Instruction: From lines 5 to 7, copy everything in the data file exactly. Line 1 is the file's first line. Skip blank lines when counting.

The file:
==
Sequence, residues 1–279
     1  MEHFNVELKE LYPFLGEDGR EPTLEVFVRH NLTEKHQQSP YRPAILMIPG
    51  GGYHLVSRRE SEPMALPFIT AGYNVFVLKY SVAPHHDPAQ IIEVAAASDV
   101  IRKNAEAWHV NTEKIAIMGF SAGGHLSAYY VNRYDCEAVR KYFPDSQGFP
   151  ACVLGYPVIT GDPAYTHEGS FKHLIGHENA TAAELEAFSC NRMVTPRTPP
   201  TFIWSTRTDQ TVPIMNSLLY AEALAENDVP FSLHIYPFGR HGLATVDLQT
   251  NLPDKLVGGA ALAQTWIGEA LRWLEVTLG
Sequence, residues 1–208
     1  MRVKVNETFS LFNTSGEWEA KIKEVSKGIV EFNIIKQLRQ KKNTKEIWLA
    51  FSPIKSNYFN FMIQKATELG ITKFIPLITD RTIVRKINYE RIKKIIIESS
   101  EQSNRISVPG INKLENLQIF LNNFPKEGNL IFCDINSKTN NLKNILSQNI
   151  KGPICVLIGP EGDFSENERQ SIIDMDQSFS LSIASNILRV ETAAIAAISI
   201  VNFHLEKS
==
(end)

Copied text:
   151  ACVLGYPVIT GDPAYTHEGS FKHLIGHENA TAAELEAFSC NRMVTPRTPP
   201  TFIWSTRTDQ TVPIMNSLLY AEALAENDVP FSLHIYPFGR HGLATVDLQT
   251  NLPDKLVGGA ALAQTWIGEA LRWLEVTLG